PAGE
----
Will Rogers’ Weekly Articles

April 2, 1933 - Current

Apr 2, 1933

CHOOSE UP AND FIGHT

Well all I know is just what I read in the newsprints. If you just read Mr. Roosevelt’s daily orders to Congress why it keeps you pretty well informed on what will happen before it happens. Congress is minding just like a movie mob.

Say this guy Hitler has grabbed off the spotlight from all the dictators. He is a Dictator to end all Dictators.1 When I was in Europe a year ago this last January, I made arrangements from London to go to Munich to see this Hitler for an interview, then some newspaper guys talked me out of it, saying “Why he is only a flash in the pan. Before you get your interview published he will be through.”

Dog gone it, I wish now I had gone. I would like to see what kind of a bird he is. I don’t know but what I will prance over yet and take a look at him. But he is so big now I guess I couldent get an interview. If I did I would sure make it a nice one (all in his favor) till I got out of Germany anyhow. For that old boy runs that Country like a warden.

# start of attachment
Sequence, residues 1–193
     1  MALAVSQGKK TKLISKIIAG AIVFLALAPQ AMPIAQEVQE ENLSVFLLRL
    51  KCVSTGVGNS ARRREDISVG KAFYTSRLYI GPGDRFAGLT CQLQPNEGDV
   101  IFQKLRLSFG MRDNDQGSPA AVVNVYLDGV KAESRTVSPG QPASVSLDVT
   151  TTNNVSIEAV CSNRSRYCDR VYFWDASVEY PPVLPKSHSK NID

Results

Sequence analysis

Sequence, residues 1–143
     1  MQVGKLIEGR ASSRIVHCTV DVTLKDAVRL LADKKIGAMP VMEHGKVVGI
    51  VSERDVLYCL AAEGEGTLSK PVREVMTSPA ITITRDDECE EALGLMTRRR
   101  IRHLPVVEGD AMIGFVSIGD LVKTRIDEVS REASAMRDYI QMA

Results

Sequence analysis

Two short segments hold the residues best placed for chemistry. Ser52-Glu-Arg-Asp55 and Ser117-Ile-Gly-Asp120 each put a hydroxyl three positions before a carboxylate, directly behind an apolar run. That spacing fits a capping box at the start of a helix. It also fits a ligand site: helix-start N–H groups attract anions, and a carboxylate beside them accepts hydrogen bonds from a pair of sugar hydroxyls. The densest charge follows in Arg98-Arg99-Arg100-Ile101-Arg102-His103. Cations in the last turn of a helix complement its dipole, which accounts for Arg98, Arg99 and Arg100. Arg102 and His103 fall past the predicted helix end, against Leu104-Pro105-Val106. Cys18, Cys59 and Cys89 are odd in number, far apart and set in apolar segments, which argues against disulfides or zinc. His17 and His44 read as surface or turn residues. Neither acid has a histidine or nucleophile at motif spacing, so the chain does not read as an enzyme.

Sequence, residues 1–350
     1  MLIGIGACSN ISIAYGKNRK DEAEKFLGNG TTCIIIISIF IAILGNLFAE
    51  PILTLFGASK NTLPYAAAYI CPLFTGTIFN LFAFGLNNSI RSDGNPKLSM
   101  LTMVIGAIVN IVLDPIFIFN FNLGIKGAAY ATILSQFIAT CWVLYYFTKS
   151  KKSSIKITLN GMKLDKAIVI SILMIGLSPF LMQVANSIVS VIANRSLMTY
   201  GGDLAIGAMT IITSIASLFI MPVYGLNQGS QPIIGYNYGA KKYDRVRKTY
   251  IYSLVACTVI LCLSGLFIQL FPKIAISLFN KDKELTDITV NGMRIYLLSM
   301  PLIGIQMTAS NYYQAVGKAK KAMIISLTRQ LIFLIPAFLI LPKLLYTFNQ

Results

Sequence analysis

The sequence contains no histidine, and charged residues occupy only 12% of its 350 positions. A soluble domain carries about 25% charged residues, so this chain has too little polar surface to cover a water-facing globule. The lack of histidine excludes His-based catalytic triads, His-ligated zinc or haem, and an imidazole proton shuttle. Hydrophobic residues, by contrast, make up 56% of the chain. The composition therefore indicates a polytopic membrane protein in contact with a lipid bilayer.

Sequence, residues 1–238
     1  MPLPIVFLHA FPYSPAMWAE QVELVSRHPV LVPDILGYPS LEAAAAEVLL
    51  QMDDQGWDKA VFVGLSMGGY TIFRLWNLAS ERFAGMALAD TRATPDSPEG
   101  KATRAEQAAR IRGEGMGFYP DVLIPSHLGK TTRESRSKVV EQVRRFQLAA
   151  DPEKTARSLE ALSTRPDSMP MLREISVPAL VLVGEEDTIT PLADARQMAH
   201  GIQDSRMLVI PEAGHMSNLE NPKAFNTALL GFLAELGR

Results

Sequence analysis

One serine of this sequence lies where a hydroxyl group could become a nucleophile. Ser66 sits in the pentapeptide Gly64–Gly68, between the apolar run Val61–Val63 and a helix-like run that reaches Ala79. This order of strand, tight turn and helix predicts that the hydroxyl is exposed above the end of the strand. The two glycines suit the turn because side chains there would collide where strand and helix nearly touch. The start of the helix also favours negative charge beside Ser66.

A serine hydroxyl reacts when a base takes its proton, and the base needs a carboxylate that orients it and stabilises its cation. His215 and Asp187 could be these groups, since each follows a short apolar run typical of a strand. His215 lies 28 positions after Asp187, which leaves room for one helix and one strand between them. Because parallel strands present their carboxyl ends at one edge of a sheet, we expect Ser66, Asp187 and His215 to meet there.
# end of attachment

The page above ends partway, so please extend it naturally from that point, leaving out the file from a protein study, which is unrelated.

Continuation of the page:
There must be an awful lot doing over in Europe now. Things are stirring around, kinder smells like another war. Can you imagine the Prime Minister of the Great England going clear down just to see Mussolini?2 Why any time in the past any one to have suggested such a thing would have been thought crazy. Mussolini a few years ago was one of the untouchables, as far as organized society was concerned. But the big boys are even flying to see him now. Ramsey MacDonald going down there to see him dident help out France’s peace of mind any, and now with Hitler doing a Mussolini, and Germany and Italy becoming kinder friendly, France don’t look on that as being so hot either.3

You know those Nations over there are just like a lot of so-called society women in a small town. The minute two of ’em get their heads together, it starts all the others wondering. Each one don’t know which other one to hook up with. They are so busy scheming and fenagling around that it’s no wonder they don’t get anything done at home.